Museo Nacional de Antropología, Ciudad de México

Meanwhile, over at the magnificent Museo Nacional de Antropología, truly one of the world’s great museums, is the most comprehensive collection of ‘Pre-Cortesian’ (Hernán Cortés) history, dating back to 1790 when the great 24 tonne Aztec Sun Stone was uncovered at the base of the Metropolitan Cathedral. 

The Museum is packed with the most important archaeological and ethnographical collections in Mexico, and at 20 acres in size, it’s huge! It’s also one of my favourite buildings. Designed by architect Pedro Ramírez Vázquez between 1963 and 1964 its central plaza has a stupendous floating roof, held up effortlessly by a vast richly patterned column, water cascading from above to dramatically cool the air. The building was designed in the style of open Mayan forums and ceremonial centres, with the column decoration and the surrounding courtyard referencing ancient pre-Hispanic symbols and patterns. 

Here you’ll find treasures from all of Mexico’s cultures, but of particular interest to me is of course the vast Aztec Sala, which is packed with the most incredible objects and archaeological finds. We’ve been to this museum a number of times over the years, and each time we’re here we’re struck with the incredible sophistication of these ancient civilisations – sure, there’s the blood-thirsty aspect to the Aztecs, which is hard to get past, but it’s how they lived, the advanced technologies that they used in everyday life (running water) their incredible understanding of the cosmos and the universe and the staggering beauty of their grand architecture but also of small domestic items.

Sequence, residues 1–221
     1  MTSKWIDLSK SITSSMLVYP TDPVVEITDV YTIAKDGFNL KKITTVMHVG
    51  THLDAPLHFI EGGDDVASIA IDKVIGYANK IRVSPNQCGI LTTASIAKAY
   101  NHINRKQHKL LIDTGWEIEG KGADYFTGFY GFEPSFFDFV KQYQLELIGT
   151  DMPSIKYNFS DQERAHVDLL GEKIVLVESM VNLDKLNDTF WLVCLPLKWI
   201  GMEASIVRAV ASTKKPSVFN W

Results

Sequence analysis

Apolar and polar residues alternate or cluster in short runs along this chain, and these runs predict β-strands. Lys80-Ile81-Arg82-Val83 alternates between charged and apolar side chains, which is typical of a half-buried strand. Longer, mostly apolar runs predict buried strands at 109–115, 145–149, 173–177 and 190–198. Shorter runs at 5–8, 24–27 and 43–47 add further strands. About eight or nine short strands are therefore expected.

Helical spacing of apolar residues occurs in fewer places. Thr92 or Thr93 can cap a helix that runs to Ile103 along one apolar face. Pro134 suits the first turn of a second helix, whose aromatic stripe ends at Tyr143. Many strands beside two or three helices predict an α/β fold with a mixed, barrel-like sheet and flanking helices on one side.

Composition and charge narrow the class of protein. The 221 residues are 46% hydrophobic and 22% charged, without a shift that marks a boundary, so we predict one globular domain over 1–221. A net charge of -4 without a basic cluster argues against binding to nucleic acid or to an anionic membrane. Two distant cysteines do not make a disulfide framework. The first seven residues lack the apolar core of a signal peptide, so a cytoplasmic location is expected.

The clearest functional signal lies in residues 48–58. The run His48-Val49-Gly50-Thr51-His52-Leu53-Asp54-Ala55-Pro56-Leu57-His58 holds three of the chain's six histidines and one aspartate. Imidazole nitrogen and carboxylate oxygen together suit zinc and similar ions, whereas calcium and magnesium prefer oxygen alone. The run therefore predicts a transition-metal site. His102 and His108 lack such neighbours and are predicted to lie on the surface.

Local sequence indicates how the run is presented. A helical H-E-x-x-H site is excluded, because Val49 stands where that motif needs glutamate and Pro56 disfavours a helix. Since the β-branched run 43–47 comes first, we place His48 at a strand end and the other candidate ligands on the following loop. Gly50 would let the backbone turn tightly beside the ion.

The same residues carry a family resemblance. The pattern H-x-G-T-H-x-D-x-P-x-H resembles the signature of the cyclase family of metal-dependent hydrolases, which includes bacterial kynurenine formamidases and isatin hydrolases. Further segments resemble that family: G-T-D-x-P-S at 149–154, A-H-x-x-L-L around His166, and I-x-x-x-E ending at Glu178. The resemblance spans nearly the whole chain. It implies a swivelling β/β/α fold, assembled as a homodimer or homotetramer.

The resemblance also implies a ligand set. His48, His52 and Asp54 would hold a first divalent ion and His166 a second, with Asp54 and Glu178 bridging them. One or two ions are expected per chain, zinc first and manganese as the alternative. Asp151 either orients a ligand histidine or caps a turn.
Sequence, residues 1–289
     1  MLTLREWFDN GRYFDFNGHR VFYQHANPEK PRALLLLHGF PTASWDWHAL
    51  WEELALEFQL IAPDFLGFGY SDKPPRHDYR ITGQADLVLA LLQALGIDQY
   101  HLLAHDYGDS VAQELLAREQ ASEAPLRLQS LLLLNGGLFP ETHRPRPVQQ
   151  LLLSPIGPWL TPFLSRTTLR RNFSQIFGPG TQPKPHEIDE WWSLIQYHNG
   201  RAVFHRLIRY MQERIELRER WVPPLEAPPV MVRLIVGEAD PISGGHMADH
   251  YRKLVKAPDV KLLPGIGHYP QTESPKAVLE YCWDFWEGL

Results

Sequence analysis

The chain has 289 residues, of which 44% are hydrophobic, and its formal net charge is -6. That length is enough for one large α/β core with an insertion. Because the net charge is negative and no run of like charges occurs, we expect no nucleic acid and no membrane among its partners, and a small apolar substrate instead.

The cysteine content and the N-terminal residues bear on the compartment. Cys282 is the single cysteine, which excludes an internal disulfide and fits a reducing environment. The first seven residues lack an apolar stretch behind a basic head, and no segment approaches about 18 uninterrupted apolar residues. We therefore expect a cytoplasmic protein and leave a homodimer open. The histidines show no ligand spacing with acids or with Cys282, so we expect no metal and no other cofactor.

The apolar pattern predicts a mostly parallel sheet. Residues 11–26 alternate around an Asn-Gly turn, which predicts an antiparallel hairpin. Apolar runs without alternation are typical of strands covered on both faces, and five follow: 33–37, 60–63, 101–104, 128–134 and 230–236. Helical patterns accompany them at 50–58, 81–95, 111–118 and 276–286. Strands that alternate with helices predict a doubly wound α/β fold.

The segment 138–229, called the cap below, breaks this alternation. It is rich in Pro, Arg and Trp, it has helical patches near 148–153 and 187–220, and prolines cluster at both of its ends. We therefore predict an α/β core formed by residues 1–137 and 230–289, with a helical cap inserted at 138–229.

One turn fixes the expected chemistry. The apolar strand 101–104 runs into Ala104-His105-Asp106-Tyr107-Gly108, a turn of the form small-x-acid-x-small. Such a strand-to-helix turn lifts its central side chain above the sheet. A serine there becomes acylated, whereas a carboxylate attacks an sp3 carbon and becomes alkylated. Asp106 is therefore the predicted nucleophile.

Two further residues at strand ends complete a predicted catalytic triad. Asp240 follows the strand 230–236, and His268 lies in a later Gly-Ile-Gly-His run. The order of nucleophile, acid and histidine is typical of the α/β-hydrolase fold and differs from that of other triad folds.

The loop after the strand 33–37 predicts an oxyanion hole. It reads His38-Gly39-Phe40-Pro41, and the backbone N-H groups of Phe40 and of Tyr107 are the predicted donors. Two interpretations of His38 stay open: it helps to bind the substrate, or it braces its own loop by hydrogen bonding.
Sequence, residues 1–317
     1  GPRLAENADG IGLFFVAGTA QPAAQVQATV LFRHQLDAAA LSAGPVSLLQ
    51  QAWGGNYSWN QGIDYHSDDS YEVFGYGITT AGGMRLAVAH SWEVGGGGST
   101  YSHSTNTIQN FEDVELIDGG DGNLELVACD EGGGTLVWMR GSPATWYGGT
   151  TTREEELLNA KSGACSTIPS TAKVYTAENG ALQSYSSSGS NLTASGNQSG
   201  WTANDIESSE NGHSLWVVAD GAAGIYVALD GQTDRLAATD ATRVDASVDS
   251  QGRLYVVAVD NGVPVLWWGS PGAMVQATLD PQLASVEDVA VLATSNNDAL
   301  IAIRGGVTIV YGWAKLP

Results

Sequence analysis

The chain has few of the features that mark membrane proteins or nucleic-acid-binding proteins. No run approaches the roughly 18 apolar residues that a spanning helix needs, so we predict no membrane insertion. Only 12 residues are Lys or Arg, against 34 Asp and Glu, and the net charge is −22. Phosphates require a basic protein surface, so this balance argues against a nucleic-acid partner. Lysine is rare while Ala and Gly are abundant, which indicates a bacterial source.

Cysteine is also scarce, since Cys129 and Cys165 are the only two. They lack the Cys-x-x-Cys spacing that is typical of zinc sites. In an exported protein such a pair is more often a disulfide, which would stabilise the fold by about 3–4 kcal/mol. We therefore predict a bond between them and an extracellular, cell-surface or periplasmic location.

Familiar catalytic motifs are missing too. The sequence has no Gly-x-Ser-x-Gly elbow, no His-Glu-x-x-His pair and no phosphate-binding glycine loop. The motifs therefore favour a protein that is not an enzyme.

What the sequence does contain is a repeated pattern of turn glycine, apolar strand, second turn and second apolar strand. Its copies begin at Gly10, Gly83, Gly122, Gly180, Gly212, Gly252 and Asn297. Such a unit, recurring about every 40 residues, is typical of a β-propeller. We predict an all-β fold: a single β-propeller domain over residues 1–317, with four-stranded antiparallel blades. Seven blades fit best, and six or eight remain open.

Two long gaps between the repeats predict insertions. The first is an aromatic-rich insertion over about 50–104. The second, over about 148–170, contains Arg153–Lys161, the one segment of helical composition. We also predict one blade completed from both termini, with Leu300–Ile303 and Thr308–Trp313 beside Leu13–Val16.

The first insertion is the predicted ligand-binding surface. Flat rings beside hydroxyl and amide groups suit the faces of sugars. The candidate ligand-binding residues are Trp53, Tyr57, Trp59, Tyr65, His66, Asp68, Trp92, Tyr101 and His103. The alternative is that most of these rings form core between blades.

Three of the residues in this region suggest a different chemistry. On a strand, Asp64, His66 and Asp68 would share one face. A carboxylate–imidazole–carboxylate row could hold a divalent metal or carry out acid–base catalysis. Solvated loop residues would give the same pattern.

It’s hard to square with what Hernán Cortés and his Spanish Conquistadores did to the civilisations of Mexico – obliterating them in the name of the so-called true religion. 

One Comment Add yours

  1. Bevanlee says:

    Got to love Christians. The sanctimonious destruction they have wrought throughout the world in the name of the Galilean tooth fairy. 🙄


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